Microsoft has dashed shareholder hopes of a dividend payout after saying it will sit on its $40.5bn war chest until the threat of further litigation passes.
Despite securing a victory of sorts in its antitrust case last week, Microsoft shareholders will have to wait a little longer until they get their hands on the company's money.
At an annual meeting in Bellevue, Washington, shareholders asked if the company plans to pay out its first ever dividend since going public in 1986. After the resolution of years of uncertainty over the status of the company's future, and having accrued cash holdings of $40.5bn, they probably thought they had picked their moment.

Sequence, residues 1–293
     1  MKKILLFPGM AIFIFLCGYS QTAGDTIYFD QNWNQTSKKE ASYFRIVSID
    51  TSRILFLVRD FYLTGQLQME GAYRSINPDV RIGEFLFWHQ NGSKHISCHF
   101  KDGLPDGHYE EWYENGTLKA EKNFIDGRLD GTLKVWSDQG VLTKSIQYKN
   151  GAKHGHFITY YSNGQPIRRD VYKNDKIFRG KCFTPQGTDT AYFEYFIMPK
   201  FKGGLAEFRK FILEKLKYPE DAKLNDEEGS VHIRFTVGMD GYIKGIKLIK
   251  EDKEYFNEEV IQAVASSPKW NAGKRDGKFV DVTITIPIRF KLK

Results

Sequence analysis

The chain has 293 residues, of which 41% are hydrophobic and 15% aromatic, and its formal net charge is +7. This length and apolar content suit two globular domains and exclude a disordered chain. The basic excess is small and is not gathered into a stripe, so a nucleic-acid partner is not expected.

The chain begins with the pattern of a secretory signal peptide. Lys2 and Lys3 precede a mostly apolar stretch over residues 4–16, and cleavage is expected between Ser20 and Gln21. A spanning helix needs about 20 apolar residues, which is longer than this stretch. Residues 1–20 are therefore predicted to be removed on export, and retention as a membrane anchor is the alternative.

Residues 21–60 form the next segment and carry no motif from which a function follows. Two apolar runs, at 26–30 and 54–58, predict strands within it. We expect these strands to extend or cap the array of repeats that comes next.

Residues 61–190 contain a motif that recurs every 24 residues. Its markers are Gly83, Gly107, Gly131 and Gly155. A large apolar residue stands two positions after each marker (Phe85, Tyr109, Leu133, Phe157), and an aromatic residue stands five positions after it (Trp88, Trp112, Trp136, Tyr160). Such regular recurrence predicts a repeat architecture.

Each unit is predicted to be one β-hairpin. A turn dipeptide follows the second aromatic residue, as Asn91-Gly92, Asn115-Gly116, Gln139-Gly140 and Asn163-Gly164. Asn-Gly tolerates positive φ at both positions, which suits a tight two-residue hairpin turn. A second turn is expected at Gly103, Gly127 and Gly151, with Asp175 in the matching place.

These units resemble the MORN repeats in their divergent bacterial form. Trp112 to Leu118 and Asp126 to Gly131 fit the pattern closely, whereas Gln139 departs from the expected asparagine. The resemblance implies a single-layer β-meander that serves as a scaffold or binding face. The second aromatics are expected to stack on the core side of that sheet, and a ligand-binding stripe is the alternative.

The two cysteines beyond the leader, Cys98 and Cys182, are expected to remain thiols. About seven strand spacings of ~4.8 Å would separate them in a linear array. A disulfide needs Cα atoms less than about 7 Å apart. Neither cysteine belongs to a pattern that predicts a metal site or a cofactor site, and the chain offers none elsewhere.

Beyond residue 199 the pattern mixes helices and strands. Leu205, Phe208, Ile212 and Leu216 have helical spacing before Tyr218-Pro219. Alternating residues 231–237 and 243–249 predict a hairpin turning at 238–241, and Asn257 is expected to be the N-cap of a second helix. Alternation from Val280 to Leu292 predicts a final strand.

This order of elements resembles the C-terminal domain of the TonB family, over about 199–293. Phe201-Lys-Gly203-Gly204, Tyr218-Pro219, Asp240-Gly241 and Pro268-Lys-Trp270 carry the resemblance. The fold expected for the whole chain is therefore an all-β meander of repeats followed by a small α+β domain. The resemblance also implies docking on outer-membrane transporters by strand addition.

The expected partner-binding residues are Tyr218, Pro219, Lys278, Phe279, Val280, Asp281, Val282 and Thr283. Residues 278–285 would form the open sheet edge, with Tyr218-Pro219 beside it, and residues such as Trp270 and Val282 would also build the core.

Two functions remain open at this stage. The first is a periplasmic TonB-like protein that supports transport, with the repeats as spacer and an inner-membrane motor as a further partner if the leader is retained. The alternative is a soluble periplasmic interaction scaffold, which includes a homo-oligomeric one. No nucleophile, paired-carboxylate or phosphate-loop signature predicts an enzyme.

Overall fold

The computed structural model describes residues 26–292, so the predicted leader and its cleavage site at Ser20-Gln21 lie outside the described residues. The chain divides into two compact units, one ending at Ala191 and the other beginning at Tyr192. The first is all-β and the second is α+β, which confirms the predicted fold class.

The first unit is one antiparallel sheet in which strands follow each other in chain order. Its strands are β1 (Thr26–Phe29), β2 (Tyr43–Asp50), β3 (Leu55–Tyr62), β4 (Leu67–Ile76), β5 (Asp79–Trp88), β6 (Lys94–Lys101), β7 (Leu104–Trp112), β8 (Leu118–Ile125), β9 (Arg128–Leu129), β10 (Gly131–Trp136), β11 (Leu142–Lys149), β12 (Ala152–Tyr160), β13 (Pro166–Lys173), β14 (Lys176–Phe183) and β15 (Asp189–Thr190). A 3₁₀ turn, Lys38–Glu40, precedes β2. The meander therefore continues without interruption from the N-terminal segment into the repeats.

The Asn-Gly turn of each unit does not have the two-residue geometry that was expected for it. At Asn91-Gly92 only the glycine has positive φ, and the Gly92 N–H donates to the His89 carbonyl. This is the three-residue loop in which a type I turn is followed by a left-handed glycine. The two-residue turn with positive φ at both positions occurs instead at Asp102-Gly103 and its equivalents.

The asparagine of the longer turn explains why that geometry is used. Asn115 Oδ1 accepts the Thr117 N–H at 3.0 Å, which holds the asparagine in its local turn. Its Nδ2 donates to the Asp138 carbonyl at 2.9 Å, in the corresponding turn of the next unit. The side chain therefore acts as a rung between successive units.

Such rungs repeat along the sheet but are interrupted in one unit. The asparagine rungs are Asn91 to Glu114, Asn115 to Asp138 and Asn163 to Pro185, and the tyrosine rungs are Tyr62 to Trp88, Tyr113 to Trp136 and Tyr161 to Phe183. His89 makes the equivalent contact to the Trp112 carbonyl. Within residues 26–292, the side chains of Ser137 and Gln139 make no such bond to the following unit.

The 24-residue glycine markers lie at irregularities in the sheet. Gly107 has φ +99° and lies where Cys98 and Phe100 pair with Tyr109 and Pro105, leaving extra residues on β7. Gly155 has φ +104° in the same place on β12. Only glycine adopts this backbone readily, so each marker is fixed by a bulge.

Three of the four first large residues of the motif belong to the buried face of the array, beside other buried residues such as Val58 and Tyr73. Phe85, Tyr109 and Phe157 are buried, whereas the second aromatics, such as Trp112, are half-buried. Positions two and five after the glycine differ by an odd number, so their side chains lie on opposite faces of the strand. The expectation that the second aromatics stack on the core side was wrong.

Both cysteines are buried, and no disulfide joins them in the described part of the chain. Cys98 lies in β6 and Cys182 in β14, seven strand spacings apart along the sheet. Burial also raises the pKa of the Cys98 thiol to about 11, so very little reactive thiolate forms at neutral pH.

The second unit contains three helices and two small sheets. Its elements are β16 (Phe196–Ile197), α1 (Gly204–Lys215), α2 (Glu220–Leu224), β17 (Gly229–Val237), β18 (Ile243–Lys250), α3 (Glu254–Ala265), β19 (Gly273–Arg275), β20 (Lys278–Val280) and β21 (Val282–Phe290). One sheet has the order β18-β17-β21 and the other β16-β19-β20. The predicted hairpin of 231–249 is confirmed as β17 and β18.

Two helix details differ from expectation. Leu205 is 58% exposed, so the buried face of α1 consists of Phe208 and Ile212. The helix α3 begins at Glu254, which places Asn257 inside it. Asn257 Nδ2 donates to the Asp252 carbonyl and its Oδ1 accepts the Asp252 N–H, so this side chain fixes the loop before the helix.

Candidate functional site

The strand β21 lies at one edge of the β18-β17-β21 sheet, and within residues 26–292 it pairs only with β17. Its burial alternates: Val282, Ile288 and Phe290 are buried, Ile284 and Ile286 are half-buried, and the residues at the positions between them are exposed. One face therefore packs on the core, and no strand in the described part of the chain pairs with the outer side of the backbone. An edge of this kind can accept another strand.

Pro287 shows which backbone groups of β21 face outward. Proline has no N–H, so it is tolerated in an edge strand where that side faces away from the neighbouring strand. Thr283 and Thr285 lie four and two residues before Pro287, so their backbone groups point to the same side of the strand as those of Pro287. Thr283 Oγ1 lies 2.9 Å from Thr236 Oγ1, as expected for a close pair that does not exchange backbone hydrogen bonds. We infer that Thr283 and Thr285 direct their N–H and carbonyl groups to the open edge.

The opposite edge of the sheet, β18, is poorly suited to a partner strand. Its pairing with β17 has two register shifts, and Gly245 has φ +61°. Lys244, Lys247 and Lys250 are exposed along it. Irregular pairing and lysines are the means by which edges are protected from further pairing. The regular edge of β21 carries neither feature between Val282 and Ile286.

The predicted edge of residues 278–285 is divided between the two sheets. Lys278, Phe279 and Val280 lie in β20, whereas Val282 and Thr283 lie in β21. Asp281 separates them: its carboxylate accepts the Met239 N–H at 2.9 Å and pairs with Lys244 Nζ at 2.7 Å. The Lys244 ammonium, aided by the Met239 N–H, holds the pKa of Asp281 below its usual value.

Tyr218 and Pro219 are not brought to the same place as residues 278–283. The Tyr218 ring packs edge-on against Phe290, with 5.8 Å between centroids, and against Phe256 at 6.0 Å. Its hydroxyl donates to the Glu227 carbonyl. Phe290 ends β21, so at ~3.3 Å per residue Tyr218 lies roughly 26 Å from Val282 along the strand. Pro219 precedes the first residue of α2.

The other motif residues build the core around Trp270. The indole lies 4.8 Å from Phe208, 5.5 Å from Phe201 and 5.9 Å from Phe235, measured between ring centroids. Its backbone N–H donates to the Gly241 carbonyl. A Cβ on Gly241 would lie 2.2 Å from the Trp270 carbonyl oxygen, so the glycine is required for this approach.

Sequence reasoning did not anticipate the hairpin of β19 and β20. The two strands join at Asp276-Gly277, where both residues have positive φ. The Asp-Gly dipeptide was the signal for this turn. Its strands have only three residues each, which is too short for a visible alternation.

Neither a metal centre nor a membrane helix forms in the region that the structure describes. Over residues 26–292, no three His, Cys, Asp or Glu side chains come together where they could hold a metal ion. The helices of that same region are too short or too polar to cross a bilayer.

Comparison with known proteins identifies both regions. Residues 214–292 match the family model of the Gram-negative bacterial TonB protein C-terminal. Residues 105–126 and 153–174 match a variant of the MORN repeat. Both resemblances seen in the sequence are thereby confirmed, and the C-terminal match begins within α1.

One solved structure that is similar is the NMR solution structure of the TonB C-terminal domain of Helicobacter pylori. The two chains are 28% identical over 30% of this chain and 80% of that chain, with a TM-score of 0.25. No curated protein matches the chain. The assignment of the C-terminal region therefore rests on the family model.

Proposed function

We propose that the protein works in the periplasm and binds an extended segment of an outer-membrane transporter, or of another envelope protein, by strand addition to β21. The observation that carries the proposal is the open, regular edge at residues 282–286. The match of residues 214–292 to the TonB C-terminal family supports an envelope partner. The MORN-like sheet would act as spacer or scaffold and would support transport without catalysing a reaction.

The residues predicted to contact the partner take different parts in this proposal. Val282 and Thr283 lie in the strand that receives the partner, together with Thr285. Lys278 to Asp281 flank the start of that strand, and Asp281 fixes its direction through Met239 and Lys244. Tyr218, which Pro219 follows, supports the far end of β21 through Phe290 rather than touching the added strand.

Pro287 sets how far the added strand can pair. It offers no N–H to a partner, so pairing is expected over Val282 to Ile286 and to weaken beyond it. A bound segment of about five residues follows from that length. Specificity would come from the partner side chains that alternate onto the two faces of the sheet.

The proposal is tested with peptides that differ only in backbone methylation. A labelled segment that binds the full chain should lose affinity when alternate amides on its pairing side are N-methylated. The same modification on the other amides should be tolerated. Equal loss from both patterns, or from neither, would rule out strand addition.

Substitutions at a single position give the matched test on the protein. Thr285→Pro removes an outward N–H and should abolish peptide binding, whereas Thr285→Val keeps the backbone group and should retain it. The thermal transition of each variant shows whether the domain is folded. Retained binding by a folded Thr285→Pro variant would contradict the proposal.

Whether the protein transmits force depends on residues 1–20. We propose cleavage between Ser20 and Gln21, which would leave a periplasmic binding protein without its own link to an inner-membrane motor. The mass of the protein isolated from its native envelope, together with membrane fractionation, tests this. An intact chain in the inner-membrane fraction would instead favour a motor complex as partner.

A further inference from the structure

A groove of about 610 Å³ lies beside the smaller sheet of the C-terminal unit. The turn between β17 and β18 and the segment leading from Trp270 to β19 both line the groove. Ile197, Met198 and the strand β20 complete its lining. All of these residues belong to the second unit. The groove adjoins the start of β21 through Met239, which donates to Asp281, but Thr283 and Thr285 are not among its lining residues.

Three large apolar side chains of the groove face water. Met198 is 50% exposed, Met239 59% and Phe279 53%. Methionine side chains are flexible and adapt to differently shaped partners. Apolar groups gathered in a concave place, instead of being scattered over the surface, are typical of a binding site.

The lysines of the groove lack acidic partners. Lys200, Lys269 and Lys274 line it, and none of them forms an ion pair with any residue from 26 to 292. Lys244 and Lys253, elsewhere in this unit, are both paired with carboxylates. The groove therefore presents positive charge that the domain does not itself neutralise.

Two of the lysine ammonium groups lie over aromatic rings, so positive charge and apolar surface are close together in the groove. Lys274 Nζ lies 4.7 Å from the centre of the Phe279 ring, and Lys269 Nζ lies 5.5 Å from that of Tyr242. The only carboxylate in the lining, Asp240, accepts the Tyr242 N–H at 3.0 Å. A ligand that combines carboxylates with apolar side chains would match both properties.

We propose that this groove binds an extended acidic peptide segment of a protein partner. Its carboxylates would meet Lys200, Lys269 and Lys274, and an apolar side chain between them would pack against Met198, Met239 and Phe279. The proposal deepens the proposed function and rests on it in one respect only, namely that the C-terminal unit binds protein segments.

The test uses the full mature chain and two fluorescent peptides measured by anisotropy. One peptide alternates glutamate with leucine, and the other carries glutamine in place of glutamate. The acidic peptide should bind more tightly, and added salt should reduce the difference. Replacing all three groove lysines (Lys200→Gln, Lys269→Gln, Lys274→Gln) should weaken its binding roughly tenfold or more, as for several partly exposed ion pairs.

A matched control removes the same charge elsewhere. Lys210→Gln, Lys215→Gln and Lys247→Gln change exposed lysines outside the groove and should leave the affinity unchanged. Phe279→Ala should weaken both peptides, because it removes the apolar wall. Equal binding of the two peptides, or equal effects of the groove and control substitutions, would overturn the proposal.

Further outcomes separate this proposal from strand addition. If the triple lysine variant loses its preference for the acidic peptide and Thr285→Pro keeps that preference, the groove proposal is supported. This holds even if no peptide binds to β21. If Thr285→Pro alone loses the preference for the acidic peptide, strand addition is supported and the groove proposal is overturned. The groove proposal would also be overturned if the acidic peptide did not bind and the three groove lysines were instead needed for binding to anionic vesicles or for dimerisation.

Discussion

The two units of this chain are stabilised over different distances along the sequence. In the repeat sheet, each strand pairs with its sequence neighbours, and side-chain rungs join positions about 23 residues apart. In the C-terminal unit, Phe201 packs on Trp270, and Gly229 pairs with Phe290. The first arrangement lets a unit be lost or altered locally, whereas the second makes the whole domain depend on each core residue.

But John Connors, chief financial officer of Microsoft, told the shareholders: "While the ruling on Friday was a positive, we still face some significant legal issues, and in light of those legal issues to date the board has determined it would not be appropriate to commit to a long-term programme like a dividend until that's cleared."
In the past Microsoft shareholder have by-and-large been happy to sit on shares which continued to rise in value, but this year Microsoft stock has fallen 15 percent, leading to the calls for a dividend.